Shocking new research from University of Leicester’s Centre for Hate Studies reveals that 88 percent of lesbian, gay, bisexual and transgender people had experienced some form of hate incident.

There is compelling evidence that suggests that over 35,000 homophobic and transphobic hate crimes happen every year in the UK with just a fraction of those actually reported.

The report from the University of Leicester’s Centre for Hate Studies reveals that 88 percent of lesbian, gay, bisexual and transgender people had experienced some form of hate incident leaving them with emotional and physical scars.

Based on in-depth interviews in Leicester and Leicestershire the report also states only 14 percent of LGB victims reported their most recent experience of hate crime to the police.

Even more worrying is that stats show that the victims of transphobia can be targeted up to 50 times in one year, however, only three in ten reports the incident.

The publication of the report coincides with a major new campaign to raise awareness of LGB and T hate crime by a partnership of 31 organisations, funded by the Commission.

With the message of ‘Recognise it. Report it.’ the campaign will empower LGB and T people to stand up against hate crime through education and training as well as establishing local partnerships.

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Led by the LGBT Consortium, this is the first time that groups from across England and Wales have come together to tackle hate crime, with a focus on rural communities where reporting is especially low.

Paul Roberts, Chief Executive of the LGBT Consortium, said:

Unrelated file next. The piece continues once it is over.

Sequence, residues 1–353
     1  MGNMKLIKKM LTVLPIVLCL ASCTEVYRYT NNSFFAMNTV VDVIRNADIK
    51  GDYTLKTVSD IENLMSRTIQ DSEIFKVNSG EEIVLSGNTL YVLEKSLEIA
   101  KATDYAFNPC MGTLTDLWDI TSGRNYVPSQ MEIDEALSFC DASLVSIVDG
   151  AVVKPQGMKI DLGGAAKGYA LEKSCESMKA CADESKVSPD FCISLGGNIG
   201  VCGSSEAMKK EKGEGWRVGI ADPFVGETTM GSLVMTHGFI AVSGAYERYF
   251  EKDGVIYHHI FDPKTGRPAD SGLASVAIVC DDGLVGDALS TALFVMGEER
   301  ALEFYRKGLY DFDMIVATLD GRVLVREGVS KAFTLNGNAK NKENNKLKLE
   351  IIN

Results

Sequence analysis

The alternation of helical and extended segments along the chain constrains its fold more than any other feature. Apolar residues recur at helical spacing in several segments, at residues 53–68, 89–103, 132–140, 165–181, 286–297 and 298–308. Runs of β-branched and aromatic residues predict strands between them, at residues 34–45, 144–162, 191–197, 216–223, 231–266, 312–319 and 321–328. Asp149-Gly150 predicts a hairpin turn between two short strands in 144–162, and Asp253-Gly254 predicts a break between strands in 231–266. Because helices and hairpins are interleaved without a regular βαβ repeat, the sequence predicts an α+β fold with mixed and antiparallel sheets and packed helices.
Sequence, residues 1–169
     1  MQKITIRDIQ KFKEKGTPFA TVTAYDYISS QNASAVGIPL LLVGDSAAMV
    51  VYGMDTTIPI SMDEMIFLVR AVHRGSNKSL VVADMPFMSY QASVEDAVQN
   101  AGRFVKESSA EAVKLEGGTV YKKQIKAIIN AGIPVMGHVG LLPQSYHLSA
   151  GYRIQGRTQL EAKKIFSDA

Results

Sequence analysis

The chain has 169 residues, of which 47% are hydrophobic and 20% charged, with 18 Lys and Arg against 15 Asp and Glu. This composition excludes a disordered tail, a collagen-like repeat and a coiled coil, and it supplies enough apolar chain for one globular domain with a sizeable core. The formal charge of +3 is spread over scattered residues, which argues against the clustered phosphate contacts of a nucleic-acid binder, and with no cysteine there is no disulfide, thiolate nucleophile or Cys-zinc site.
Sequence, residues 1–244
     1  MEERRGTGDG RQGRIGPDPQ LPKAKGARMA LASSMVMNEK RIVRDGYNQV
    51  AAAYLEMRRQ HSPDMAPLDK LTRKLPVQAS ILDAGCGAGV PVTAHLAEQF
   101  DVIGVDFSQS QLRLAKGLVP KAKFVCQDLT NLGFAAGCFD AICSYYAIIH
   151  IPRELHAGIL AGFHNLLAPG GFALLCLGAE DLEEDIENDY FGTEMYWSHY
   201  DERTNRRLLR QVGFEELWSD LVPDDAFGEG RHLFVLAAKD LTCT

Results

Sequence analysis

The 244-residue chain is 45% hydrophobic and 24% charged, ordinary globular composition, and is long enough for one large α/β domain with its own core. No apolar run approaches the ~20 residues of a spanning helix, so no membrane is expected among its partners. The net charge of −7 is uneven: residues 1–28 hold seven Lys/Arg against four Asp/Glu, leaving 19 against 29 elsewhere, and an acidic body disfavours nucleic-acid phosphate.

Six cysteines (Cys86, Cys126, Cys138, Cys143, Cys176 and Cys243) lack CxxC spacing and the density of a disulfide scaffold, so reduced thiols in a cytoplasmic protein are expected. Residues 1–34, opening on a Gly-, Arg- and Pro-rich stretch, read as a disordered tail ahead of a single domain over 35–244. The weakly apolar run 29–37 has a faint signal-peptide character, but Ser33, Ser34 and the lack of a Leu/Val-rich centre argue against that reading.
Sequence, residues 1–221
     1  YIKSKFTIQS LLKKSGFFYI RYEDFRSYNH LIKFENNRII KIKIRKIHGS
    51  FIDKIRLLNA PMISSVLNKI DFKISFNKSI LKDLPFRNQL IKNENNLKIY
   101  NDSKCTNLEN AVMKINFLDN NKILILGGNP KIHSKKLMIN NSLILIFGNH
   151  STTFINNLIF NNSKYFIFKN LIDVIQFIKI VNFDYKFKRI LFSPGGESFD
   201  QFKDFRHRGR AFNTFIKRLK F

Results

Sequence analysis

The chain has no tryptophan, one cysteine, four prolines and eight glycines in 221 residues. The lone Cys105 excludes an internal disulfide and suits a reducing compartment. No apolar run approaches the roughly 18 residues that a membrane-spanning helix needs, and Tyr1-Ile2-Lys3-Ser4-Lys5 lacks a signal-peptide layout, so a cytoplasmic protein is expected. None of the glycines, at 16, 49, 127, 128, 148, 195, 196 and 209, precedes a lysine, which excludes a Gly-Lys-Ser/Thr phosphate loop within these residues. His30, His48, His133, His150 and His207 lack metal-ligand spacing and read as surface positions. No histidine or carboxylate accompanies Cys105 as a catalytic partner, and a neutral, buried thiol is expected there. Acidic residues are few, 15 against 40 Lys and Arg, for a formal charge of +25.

“LGBT communities are already working with the police to remove barriers to reporting, and offer practical and emotional support. However, too often, LGBT people don’t know they are experiencing hate crime or just shrug it off.
“Collectively, we are saying it is time to move on from this. Our message today is recognise hate crime when it happens, report it, and get support when you need it.”

PRIDE SEASON
Equality and Human Rights Commissioner Evelyn Asante-Mensah, called for committed action:
“Pride season is upon us and it seems an opportune moment to reflect on the great steps made towards equality, while highlighting the hidden scandal of underreporting of LGB and T hate crime.
“Just as the Commission is doing with disability hate crime, we need to bring this problem into the open and create a culture where victims are confident to come forward and society confronts all forms of abuse.”

HATE CRIMES ARE ROUTINE
Report author, Dr Stevie-Jade Hardy, a lecturer at the University of Leicester’s Centre for Hate Studies, said:
“Hate crimes are a routine, and mostly unreported feature of many LGB and T people’s daily lives.
“Simply expecting victims to report without taking meaningful action to dismantle perceived and actual barriers is futile, particularly when the evidence shows that many have little confidence in the capacity of authorities to act empathetically or effectively.”
The Commission is also funding the UK’s only 24/7 nationwide LGB and T hate crime helpline, run by Stop Hate UK – 0808 801 0661.
Other regional helplines can be found at www.lgbthatecrime.org.uk